THE BEST WAY TO GET A BOOK DEAL is to write something spectacular, publish it in a solid publication and attract a lot of attention. No, that is not written sarcastically or flippantly. It’s just good, solid advice, as well as advice that has not been the least bit changed by even the newest of new media. It’s also advice I give you openly and freely knowing that I can back it up with some solid examples.
What is The Best Way To Publish Memoir?
In every online memoir class I’ve taught, as well as at every talk I give, initial questions always center on what is a memoir and how memoir differs from autobiography. Right after that, someone will ask about the best way to get a book deal. My answer is always the same.
Even as ebooks, self-publishing, hybrid publishing, blogging and podcasting have added enormously to platforms on which you can be read and heard, at its core, mass-market publishing has remained a quality-based business, and one that responds to well-written, well-placed articles in the world’s top publications. How does it respond? By asking the writer to expand the piece into a book.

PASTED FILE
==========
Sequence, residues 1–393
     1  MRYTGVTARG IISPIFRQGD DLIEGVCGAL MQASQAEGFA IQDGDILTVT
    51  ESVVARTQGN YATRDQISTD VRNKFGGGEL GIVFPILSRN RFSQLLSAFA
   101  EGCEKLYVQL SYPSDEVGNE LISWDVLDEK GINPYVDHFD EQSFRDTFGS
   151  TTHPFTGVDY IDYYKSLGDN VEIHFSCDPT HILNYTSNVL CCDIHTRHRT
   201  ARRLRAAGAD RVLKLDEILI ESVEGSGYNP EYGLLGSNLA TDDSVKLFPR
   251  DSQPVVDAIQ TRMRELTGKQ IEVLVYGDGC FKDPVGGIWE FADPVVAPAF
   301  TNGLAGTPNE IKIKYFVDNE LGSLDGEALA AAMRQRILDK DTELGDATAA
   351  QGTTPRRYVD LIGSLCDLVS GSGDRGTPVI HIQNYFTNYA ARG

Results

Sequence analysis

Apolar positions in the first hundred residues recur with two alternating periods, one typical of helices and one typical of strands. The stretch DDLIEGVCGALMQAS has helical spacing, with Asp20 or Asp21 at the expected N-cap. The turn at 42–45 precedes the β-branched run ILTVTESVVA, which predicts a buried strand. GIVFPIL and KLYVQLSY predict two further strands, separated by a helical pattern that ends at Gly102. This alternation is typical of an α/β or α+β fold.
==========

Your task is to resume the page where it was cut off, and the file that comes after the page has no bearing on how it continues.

Here’s the best, most recent example of what I mean.
Meet Ariel Levy
In November, 2013, Ariel Levy published a piece of memoir entitled “Thanksgiving in Mongolia” in The New Yorker. To say the piece is amazing is to write poorly about one of the more remarkable pieces of writing ever printed. I have heard it referred to as the “best piece of memoir ever written,” enough times to know that many people think so.
In a recent quote in The New York Times, The New Yorker editor, David Remnick, said of the personal essay that when it landed on his desk, he did something unusual and read it right away. “I couldn’t get out of my chair,” the Times quoted him as saying…there’s really nothing like it.” I agree. It left me gasping, literally, as I read it the first time, and teaches me something every time I’ve read it since. But don’t take my word for it, read this piece in the Harvard Neiman Foundation’s famed Storyboard explaining why this piece is so damn good.
How good? The piece won the 2014 National Magazine Award for best essay. (After reading Levy’s piece, if you’d like to read the four other finalists for that year, you can, in this piece in The Washington Post.)